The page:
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Search for ancestors leads family historian up Barking churchyard path

PUBLISHED: 17:12 09 September 2019 | UPDATED: 17:25 09 September 2019

Ian Wilson (inset) has traced his ancestors to a tombstone in the middle of a path in St Margaret's churchyard in Barking after searching online grave records. Picture: Jon King

Ian Wilson (inset) has traced his ancestors to a tombstone in the middle of a path in St Margaret's churchyard in Barking after searching online grave records. Picture: Jon King

Archant

A family historian's search for his ancestors' burial place has ended in the middle of a churchyard's path.

The tombstone is in need of repair with broken coping and split stone. Picture: Jon KingThe tombstone is in need of repair with broken coping and split stone. Picture: Jon King

When Ian Wilson CBE started researching his history he little expected to find any gravestones let alone one smack bang in the centre of the path in St Margaret's churchyard, Barking.

Ian said: "It was amazing. I had expected hours of wandering along tomb after tomb trying to read worn out gravestone inscriptions, but there it was, smack bang in the middle of the path.

"The hairs stood up at the back of my neck."

The 67-year old wondered how a poor family of farm workers could afford such a thing, but the benefit of a daughter marrying a monumental mason, someone who makes tombstones, then struck him.

That's what Ian's great, great grandmother, Martha - the daughter of William Joseph Tunbridge and his wife Sarah Howell - did when she married Benjamin Faux of Stepney in 1864.

Benjamin was a "letter cutter in stone" from a family of monumental masons working in Stepney and later in Forest Gate.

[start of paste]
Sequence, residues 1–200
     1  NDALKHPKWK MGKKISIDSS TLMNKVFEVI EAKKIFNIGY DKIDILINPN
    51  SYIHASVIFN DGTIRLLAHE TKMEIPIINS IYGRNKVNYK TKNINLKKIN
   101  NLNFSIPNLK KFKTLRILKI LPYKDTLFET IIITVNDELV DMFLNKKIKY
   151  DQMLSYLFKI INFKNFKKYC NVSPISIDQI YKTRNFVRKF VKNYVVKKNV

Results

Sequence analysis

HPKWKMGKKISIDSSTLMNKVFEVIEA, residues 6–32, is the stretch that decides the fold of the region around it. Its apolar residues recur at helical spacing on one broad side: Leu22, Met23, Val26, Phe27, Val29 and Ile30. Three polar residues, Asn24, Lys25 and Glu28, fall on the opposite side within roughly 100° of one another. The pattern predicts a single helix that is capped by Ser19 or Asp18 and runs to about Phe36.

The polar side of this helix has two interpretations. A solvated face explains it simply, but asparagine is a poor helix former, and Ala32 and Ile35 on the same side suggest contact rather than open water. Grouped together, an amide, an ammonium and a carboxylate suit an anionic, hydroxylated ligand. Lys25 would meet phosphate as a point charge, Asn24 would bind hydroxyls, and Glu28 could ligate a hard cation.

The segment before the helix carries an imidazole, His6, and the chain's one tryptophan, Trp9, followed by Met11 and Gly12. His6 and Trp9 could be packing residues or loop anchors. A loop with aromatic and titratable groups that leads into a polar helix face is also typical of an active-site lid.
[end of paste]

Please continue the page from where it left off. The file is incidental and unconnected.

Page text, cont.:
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The inscription reveals William and Sarah's final resting place, but since their deaths in 1871 and 1877 respectively the coping has broken away and main stone cracked.

However, Essex monumental masons, A. Elfes, established in 1894, has agreed to tidy it up and improve the look of a well-trodden path.

Ian, from New Cross, said: "Because this gravestone had been made and engraved by my ancestors, I was reluctant to replace it with a new one.

"Elfes agreed to do the best they could with the remaining materials at some risk to their reputation if it didn't work out. There is a risk that the stone is too far gone, but we'll see.

"I see this attempted restoration as the monumental masons of today paying tribute to my monumental mason forebears."

Ian, a former director of social services at Tower Hamlets, traces his ancestors back to the Roman emperor, Charlemagne.

The Tunbridge and Howell families of Barking are ancestors on his mother's side with records showing they lived and worked in the area between 1764 and 1848.

A spokesman for Barking Parks Department, which leases the graveyard, said: "We are very grateful to Ian and Elfes for this potentially great improvement to a prominent gravestone."

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